Post 4:
“A Harvest of Friends”

Post 4: “A Harvest of Friends”

From 13-Year-Old Anne’s Journal —

November 10, 1982 – GOOD

“Pa builds a house and they move in. Pa got a job with this man. Before he finishes it he falls out of a tree & breaks his ribs. The man said if he didn’t get it done, he would take away his oxen. He did. The men of the town helped get it done & he got his oxen back.

____________________________________________________

From Anne —

Here’s an episode in which Michael Landon actually suffers. That’s because he didn’t write the episode — if he had it would have been Carrie getting poisoned or Ma losing a finger.

I wonder what life was really like for Landon. You’re born Eugene Orowitz and you pick the name Michael Landon out of a phone book. You become a teenage werewolf, hotheaded rancher and a pioneer dad. You’re glad when long shaggy hair comes in style because you can use it to hide your outsized ears. It’s funny how much Landon looked like this real-haired Ken doll I had:

The burning question: who influenced whom?

Back to the episode. It fulfills every fantasy we’ve ever had about neighbors helping neighbors. It also shows Pa building the little house in Simi Valley in about 6 minutes total, by lantern light. Yes, let’s keep fantasizing about both of these things…

On the flip side is the nightmare of having your oxen in hock. Bad for your pride and bad for your agricultural output. But just as Pa knew how to make a home and cultivate good neighbors, Landon always knew how to cultivate high ratings: with plenty of suffering. My unsentimental journal entry belies my own comfort with suffering — and lack of excitement about redemption.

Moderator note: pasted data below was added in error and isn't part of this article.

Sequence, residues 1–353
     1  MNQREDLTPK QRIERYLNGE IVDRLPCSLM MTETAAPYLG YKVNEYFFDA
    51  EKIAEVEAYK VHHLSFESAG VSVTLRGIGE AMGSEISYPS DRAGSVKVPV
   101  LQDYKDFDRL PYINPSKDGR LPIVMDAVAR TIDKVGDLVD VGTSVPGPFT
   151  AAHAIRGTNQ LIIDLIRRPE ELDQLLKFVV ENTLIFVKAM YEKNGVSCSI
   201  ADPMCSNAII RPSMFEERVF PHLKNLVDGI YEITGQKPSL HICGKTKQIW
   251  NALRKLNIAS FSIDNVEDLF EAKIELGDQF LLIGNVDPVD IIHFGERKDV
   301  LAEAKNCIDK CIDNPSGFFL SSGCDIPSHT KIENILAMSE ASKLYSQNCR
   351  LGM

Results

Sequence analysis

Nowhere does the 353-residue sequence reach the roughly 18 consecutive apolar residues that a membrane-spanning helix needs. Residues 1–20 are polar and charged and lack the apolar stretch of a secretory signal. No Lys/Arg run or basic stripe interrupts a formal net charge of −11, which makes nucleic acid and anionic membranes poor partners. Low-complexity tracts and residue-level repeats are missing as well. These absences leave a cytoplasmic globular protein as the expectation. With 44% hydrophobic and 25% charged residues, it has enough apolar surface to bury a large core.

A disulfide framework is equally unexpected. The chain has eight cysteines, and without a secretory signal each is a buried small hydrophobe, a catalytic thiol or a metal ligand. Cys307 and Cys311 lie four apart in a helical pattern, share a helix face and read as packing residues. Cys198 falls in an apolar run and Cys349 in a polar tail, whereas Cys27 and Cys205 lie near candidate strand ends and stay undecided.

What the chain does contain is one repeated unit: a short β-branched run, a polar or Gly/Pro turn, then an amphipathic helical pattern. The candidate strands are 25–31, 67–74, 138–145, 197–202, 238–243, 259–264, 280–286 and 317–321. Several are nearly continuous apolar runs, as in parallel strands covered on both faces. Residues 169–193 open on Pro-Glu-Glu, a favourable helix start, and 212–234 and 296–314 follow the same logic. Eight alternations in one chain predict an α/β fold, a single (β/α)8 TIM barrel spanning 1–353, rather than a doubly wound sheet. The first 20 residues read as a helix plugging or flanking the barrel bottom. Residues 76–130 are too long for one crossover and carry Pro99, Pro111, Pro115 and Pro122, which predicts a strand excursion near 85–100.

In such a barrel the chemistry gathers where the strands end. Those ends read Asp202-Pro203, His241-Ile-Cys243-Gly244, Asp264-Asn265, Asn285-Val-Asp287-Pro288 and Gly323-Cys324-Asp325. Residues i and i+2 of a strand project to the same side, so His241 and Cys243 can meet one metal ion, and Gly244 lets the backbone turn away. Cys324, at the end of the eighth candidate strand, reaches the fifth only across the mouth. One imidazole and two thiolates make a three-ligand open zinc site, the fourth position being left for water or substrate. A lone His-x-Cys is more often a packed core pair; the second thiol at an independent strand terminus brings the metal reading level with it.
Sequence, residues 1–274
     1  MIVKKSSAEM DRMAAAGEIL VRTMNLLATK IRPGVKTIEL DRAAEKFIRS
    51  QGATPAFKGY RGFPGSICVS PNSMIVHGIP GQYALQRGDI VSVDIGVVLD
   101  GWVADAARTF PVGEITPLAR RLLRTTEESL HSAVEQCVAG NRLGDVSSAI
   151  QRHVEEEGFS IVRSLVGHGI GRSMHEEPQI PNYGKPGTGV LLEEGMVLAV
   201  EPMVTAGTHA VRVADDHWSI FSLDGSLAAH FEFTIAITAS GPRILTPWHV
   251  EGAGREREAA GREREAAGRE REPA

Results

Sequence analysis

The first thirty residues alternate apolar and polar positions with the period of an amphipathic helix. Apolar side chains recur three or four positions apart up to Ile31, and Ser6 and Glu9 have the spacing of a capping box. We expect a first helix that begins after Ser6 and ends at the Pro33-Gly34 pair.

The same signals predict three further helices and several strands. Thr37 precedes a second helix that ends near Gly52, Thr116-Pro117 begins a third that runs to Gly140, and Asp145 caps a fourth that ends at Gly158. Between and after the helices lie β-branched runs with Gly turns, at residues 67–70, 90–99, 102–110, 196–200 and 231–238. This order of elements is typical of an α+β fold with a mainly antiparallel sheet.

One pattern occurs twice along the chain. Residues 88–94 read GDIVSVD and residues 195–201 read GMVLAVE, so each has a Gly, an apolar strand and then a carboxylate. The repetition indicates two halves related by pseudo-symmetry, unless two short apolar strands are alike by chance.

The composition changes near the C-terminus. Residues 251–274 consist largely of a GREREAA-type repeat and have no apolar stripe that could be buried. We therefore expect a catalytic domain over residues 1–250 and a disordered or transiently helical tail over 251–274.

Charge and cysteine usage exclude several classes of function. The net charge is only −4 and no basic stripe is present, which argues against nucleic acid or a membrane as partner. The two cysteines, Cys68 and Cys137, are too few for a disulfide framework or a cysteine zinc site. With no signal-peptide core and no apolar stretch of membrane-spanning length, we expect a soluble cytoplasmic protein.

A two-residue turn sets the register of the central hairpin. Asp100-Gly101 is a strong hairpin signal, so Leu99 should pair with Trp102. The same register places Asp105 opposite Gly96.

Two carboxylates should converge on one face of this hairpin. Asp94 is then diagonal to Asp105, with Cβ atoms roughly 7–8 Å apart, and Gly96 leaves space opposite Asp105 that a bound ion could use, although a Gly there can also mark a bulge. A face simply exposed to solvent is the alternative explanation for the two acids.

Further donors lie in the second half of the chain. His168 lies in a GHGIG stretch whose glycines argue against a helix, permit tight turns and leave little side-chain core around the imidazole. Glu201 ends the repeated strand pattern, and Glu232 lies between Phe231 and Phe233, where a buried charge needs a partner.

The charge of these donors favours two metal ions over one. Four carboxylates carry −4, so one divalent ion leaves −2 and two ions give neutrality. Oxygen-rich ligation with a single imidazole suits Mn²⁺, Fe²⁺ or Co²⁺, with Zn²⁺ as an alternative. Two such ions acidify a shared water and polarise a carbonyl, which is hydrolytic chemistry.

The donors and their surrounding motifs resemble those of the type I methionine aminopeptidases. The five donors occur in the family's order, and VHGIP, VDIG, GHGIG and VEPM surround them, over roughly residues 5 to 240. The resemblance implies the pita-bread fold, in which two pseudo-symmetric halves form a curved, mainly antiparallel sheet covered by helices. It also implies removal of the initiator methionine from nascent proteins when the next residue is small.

____________________________________________________

From Tracy —

I can testify Anne is a mid-level masochist. She loves to suffer. I am the complete opposite. I am an eat-dessert-first-for tomorrow-we-die bon vivant kinda girl.

I will say it did feel like no one is able to be happy on this show for more than five minutes straight.
I also know that it was incredibly tough to be a pioneer. That’s not Hollywood fiction. My own family’s stories of farming wheat in Kansas are testament to that. Family fortunes turned on a dime.
By the way, is it my imagination or did the Irish get short shrift on this show? It seems like anyone with an Irish accent was either a drunk or a crook or both. Well Happy St. Patricks Day to all of us Irish or smidge Irish.
Now there’s a people who love to suffer. A friend of mine has a t-shirt with this William Butler Yeats quote:

“Being Irish, he had an abiding sense of tragedy, which sustained him through temporary periods of joy.”

1 Comment

  1. KristinMikelle
    May 1, 2012

    My friends and I get together to watch episodes together. We have for years. We will have themes. One theme we’ve done is Irish episodes (corresponded by Irish-type food and Irish whiskey [of course]). We think that the Irish, in this 1970s era of television, were one of the few ethnicities not off limits. In post-civil rights US, the Irish, unlike African Americans and Native Americans, were OK to defile. While people of color were treated with due respect, the Irish could be played as buffoonish and openly mocked.

    Glad to see your blog. Will continue to check in on it.

Leave a Reply to KristinMikelle Cancel reply

Your email address will not be published. Required fields are marked *